Nancy Pelosi's visit to the Republic of China
US House Speaker Nancy Pelosi visited Taiwan, officially known as the Republic of China (ROC), on August 2, 2022, as part of an Asia tour with brief stops in Singapore, Malaysia , South Korea, and Japan. The White House did not officially endorse the visit.
Shortly after her arrival, Pelosi said her visit was a sign of the "unwavering commitment of the United States to support Taiwan's vibrant democracy." Pelosi was greeted by locals wearing the colors of the Ukrainian flag, yellow and blue. He visited the Legislative Yuan and met with ROC President Tsai Ing-wen the following day.
According to a poll cited by the British newspaper The Guardian, two-thirds of Taiwanese consider her visit "unwelcome [because] it could destabilize the Taiwan Strait."
As of the morning of August 2, it was not certain whether Pelosi would visit Taiwan. White House Homeland Security Representative John Kirby commented on the night of August 1 August (EDT) that China could respond with a missile attack near Taiwan or take any other military action to show its disapproval of a visit by a US politician. At the same time, Kirby said the US he did not fear threats from the People's Republic of China and that he would not sit idly by in case of aggression.
In an op-ed for The Washington Post, Pelosi wrote on August 2: "We make this trip at a time when the world is faced with a choice between autocracy and democracy. As Russia wages its premeditated and illegal war against Ukraine, killing thousands of innocents...including children: it is essential that the United States and our allies make it clear that we will never give in to autocrats."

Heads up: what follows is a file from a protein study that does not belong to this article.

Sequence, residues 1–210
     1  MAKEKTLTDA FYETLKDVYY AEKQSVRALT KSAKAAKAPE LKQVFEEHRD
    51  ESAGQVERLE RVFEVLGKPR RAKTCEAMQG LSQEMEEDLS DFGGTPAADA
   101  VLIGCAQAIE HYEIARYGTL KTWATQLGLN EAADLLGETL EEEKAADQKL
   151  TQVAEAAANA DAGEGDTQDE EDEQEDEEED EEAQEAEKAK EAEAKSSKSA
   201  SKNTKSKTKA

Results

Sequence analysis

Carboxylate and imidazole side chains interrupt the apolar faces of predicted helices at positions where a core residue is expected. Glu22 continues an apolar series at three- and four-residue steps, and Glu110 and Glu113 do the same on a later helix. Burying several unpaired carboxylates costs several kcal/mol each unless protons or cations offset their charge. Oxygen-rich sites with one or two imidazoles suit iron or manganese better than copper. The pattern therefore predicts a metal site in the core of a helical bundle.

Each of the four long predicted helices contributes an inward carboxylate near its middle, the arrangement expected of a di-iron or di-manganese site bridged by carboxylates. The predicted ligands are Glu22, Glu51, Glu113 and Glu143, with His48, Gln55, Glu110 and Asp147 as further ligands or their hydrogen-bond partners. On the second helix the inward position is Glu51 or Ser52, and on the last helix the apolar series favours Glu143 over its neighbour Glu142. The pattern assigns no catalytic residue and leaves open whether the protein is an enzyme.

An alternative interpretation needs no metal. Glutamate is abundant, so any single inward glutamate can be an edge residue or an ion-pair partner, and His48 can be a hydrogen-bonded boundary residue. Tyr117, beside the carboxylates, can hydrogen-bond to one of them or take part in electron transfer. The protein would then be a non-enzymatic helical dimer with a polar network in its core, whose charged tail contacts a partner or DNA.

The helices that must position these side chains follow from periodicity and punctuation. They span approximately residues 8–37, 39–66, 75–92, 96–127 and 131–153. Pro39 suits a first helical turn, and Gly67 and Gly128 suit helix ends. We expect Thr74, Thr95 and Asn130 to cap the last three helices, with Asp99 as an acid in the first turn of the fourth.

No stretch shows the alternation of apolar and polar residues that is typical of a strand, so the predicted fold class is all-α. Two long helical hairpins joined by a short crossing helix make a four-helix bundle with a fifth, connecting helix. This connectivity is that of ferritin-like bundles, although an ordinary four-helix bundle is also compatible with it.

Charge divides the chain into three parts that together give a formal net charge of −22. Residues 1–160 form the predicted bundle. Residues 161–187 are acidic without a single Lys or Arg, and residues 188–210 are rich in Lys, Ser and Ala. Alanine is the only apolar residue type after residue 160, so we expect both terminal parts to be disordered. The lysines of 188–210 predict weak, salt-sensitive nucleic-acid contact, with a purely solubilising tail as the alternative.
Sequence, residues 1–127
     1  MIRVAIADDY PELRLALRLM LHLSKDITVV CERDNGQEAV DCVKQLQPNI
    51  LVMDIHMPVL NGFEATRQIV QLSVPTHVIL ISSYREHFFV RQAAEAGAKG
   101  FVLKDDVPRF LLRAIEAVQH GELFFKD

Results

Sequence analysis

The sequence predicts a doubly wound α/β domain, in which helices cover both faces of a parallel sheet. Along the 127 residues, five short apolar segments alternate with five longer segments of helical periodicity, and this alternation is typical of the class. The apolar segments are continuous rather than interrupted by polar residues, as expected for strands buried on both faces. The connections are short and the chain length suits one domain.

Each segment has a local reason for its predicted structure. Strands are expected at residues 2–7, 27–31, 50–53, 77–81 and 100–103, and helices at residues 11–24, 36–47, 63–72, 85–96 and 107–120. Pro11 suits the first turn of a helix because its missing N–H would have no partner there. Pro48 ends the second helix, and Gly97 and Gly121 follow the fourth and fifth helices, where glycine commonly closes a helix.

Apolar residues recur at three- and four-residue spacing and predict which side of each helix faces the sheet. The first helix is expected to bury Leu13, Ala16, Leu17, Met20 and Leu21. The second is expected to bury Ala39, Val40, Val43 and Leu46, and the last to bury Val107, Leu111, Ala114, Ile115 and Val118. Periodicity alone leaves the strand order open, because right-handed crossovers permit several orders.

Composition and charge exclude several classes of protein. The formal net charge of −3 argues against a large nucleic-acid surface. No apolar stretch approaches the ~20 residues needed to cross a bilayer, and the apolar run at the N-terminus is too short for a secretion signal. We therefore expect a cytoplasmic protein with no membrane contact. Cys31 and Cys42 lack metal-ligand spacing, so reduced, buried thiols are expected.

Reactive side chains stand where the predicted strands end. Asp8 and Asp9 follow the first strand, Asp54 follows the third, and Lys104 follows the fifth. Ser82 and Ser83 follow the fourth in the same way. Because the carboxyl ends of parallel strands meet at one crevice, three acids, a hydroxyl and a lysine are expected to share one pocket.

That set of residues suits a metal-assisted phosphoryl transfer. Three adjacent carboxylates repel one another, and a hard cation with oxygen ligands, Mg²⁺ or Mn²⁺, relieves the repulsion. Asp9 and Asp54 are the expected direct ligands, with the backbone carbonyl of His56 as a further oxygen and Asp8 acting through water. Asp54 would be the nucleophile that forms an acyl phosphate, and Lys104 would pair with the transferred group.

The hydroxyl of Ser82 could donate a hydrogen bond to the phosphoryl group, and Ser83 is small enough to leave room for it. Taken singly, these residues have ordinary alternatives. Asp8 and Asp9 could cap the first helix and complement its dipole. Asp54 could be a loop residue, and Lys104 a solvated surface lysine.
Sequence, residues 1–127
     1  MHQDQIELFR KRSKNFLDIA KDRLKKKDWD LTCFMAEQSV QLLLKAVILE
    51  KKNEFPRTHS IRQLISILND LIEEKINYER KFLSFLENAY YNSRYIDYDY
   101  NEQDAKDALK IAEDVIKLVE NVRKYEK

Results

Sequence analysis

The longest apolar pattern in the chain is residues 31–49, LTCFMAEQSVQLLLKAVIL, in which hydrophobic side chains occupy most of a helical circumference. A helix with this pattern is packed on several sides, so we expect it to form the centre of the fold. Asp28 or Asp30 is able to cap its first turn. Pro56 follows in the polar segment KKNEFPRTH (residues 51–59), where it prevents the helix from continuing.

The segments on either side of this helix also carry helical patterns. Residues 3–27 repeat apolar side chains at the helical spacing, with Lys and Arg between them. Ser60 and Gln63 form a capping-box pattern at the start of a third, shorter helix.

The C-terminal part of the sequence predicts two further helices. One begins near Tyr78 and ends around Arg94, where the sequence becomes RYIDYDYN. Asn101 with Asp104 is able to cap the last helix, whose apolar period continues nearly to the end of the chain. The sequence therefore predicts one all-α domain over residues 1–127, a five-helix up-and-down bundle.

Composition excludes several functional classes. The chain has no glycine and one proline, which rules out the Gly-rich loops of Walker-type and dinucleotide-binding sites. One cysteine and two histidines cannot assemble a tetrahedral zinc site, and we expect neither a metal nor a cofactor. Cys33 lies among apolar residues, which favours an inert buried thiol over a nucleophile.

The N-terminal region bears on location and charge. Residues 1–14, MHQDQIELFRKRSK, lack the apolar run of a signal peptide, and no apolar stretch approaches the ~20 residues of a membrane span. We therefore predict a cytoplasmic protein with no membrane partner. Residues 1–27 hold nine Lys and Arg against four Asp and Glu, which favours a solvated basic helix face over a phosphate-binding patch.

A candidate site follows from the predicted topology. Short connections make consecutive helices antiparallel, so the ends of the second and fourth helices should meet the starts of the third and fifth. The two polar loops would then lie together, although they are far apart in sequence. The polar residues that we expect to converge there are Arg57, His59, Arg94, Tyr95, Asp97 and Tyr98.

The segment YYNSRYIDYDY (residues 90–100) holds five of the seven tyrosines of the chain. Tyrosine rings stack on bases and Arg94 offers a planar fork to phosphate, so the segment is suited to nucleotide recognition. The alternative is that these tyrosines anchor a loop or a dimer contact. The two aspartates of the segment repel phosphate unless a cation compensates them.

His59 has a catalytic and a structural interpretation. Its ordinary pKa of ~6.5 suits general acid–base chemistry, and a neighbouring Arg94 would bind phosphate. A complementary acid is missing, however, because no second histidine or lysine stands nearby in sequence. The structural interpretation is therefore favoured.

The Taiwanese military held its largest annual military exercises in the days before Nancy Pelosi's visit, which included drills to intercept Chinese attacks from the sea. Meanwhile, the US aircraft carrier USS Ronald Reagan and her flotilla departed Singapore for the South China Sea, while other US troops conduct exercises in Indonesia. In response, China conducted a military exercise in the Taiwan Strait.
Pelosi arrived in Taipei, Taiwan, at 10:43 p.m. on August 2 on a military plane and was received by Foreign Minister Joseph Wu. Upon his arrival, both the ruling Democratic Progressive Party and the opposition Kuomintang backed the visit. He met with President Tsai Ing-wen on August 3 and was awarded a medal of honour, the Order of the First Auspicious Cloud. Class (with Grand Special Cordon), at the Presidential Office Building. Pelosi addressed the Legislative Yuan.
In a press release issued during the trip, Pelosi stated that the visit "in no way contradicts the long-standing policy of the United States, guided by the Taiwan Relations Act of 1979, the Joint Communiqués of the United States and China and the Six Guarantees. The United States continues to oppose efforts to change the status quo." White House Strategic Communications Coordinator at the National Security Council, John Kirby, reiterated this perspective at a press conference held during the visit, saying: "The president's visit is fully consistent with our long-standing one China policy. We have made it very clear that nothing has changed in our one China policy, which is guided, of course, by the Taiwan Relations Act, the US-PRC Three Joint Communiqués, and the Six Assurances.”